10 awesome pieces of astronomy-inspired music

Posted by Michael Bakich
on Thursday, June 26, 2014

I almost titled this blog “The 10 most awesome …” but I realized — as capable as our Web server is — it probably couldn’t handle the stupendous number of comments, criticisms, and rants that I’d get. That said, I’m looking forward to hearing from you regarding which songs I should have included in this list and why. C’mon. Make your case.

#10: Barenaked Ladies, “The History of Everything” from Hits from Yesterday and the Day Before

This may be the one song every reader will have heard at least part of. It’s the theme song of CBS’s hit series, The Big Bang Theory. And although they missed the age of the universe (hey, what’s a few hundreds of millions of years between friends?), they’re spot on when they say, “It all started with the Big Bang!”

#9: Gustav Holst, “Mars the Bringer of War” from The Planets

I don’t care if Holst did compose this album because of his affinity for astrology, his seven compositions (one for each planet known at the time) are epic. And he gets the ball rolling with this bombastic creation. Blood-red planet, indeed!

HammerFall's album Threshold contains the song "Titan," which describes a post-mega-war attempt to move Earth's civilization to that moon of Saturn.

#8: HammerFall, "Titan" from Threshold

This Swedish heavy metal group’s song postulates a future great war. The few of us who are left decide to bail on our poisoned world and head to Titan. This song is as heavy as this list gets. Lucky for you I decided to forgo my affection for extreme metal.

#7: Rush, “Cygnus X-1, Book 1: The Voyage” from Farewell to Kings

This Canadian band has produced some of the most listenable music in rock. “Spirit of Radio,” “Tom Sawyer,” “Trees,” and the entire 2112 album spring to mind. But the lyrics for one of my favs, “Cygnus X-1,” read like an astronomy text: “Invisible to telescopic eye … Infinity, the star that would not die … All who dare to cross her course … Are swallowed by her fearsome force.” Plus, Rush gave Cygnus X-1’s position relative to Lyra, Pegasus, and Deneb. And they also correctly pegged the fact that the outer regions of black holes emit X-rays. A+, guys!

#6: Mike Oldfield, “Saved by a Bell” from Discovery

This song has the yin and the yang. The first verse asks, “Would you like to look through my telescope?” and the second — like every observer — says, “I hope the sky stays clear for us.” But then the chorus appears, and man, is it dark! And I mean dark in a non-nighttime sense.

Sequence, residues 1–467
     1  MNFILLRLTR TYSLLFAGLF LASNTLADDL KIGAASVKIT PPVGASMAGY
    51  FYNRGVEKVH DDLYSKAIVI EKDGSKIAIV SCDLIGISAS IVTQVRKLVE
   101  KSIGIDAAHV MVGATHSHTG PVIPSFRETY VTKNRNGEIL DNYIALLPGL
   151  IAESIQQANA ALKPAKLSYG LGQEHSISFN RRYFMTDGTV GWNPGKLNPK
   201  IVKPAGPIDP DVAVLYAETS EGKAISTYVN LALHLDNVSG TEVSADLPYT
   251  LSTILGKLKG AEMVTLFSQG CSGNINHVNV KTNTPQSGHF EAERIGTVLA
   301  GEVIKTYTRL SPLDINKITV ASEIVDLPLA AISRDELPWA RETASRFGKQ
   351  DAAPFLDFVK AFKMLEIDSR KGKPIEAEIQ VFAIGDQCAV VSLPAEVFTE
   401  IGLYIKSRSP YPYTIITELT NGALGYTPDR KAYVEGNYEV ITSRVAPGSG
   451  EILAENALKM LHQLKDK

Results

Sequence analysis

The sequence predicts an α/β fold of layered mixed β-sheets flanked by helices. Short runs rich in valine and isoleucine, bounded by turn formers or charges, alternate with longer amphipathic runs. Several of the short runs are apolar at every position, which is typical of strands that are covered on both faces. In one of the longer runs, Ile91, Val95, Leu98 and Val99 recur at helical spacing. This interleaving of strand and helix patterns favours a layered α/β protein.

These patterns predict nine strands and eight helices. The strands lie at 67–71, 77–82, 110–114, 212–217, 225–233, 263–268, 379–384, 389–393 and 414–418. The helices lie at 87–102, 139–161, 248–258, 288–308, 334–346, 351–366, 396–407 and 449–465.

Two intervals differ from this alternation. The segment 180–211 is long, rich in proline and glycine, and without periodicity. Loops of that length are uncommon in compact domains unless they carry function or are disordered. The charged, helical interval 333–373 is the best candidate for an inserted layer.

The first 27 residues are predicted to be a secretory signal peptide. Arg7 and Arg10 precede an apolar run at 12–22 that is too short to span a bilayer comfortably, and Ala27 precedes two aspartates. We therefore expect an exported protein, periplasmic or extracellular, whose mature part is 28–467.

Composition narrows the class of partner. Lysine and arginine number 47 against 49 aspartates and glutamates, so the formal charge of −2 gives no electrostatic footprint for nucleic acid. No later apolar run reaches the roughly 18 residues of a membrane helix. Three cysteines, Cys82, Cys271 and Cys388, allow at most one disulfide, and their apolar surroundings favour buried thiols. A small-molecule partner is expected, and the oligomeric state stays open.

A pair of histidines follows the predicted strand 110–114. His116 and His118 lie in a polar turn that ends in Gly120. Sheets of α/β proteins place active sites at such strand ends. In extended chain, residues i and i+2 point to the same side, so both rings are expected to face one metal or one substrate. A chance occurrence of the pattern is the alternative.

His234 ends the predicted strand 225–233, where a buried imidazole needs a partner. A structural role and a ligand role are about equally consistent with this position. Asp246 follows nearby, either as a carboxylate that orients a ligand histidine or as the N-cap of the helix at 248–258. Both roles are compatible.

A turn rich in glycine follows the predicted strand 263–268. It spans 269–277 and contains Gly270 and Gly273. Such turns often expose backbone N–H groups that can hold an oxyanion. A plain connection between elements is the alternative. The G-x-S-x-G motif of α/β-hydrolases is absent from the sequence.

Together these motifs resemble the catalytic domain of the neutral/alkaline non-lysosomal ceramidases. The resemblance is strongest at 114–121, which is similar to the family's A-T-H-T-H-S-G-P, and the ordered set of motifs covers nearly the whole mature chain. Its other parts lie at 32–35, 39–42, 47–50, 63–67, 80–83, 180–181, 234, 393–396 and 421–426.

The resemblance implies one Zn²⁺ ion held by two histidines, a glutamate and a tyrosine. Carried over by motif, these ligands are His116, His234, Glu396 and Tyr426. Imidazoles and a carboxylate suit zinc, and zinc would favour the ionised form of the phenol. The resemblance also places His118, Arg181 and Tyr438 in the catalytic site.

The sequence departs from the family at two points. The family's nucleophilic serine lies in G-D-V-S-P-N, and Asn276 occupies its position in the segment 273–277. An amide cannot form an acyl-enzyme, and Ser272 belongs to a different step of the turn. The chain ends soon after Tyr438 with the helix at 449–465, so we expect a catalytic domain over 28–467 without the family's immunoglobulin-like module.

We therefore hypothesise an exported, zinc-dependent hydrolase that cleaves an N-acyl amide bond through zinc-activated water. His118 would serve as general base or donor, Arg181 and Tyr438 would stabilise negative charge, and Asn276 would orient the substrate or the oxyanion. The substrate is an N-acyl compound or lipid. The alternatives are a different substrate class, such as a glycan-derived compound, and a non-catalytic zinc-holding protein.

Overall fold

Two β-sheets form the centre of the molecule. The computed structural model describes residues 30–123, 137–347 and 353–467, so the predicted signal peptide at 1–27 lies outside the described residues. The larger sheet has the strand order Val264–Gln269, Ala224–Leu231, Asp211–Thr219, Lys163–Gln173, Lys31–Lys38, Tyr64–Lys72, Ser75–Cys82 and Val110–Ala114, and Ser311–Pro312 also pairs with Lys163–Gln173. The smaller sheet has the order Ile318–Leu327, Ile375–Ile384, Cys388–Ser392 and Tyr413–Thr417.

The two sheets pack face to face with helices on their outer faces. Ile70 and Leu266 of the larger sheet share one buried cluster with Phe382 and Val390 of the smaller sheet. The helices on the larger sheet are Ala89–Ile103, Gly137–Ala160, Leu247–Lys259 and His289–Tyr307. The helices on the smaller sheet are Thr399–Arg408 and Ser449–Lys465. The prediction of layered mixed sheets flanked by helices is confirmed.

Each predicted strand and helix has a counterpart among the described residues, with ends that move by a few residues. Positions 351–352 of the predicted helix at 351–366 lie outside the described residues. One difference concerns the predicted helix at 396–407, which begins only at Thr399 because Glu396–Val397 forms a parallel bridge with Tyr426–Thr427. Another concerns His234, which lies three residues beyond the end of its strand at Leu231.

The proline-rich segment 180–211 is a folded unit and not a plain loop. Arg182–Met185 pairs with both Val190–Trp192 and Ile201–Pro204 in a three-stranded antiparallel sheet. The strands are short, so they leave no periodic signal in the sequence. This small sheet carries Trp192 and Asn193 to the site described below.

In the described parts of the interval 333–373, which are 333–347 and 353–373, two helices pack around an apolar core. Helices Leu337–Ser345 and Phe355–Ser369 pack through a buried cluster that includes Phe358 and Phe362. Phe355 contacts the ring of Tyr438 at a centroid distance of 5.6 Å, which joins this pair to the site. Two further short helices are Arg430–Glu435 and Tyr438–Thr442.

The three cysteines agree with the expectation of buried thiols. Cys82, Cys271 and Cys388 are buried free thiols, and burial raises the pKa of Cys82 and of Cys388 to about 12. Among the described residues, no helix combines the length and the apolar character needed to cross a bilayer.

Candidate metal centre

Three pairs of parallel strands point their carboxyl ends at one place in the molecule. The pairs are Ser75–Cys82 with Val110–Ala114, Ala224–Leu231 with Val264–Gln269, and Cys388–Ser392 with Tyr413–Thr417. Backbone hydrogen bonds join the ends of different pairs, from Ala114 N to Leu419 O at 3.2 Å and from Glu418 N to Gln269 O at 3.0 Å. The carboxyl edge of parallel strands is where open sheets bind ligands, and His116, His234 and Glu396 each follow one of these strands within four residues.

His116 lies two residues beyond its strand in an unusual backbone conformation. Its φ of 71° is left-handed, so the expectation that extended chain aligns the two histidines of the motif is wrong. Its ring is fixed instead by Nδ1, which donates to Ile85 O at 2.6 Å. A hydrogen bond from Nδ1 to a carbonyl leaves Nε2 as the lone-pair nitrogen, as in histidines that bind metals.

Not many songs contain as much astronomy as "Galaxy Song," which you'll find on Monty Python Sings.

#5: Monty Python, “Galaxy Song” from Monty Python Sings

With lyrics like, “Our galaxy itself contains a hundred billion stars. It’s a hundred thousand light-years side to side. It bulges in the middle, 16 thousand light-years thick. But out by us, it’s just 3 thousand light-years wide,” Monty Python created one of the all-time great astronomy songs. Yeah, yeah, the numbers may not be up to date, but it’s what was in their hearts that counts. Plus, even to this day, the ending is a hoot!

#4: The Rolling Stones, “2000 Light-Years from Home” from Their Satanic Majesties Request

In 1967, the Stones basically narrated a trip into deep space. Unfortunately, at each check-in point — 100, 600, 1,000, and 2,000 light-years from home — it’s still “so very lonely.” Perhaps we can draw hope from two lines in the last verse: “See you on Aldebaran; safe on the green desert sand.” OK, maybe not.

#3: They Might Be Giants, “Why Does the Sun Shine” and “Why Does the Sun Really Shine” from Here Comes Science

I could have populated this list with 10 songs just from this creative duo. But “Why Does the Sun Shine?” and its sequel just may be the catchiest astronomy-themed songs ever penned. The first actually is a cover. The original appeared in 1959 on the album Space Songs by Tom Glazer and Dottie Evans.

#2: Pink Floyd, “Eclipse” from Dark Side of the Moon

Floyd’s Dark Side is one of the top-selling albums (a disk like a CD, kids, but bigger and made of vinyl) of all time, and its 10th and last cut, “Eclipse,” is my fav. I can’t tell you how many talks I’ve given after total solar eclipses where I’ve combined this song with a montage of images.

Kimono My House by Sparks contains many musical treats. The author's favorite, however, is 'Talent is an Asset,' a ditty about a young Albert Einstein.

#1: Sparks, “Talent is an Asset” from Kimono My House

The brother team of Russell and Ron Mael have been a source of musical creativity for four decades. If you want proof, just listen to “Talent is an Asset.” It’s the coolest song about Einstein ever. Example: “Look at Albert, isn’t he a sight; growing, growing at the speed of light.” Oh, yeah.

BONUS: Freedy Johnston, “The Farthest Lights” from Blue Days, Black Nights

Back in the ’90s when I was working as the planetarium director of the Kansas City Museum, I got to have dinner with singer/songwriter Freedy Johnston a few times because we had a mutual friend. He also once played a concert at the museum. I liked asking him about music and touring, and he liked asking me about astronomy. I’m pretty sure “The Farthest Lights” was the result of one of our conversations. In fact, from the first time I heard it, I’ve considered it “my song.” And, although I relate to lyrics like, “An astronomer all my life,” my wife and I have a much (much!) better relationship than the one Johnston describes in the song. Give it a listen. I think if you’re into observing, you’ll relate to most of this ballad.

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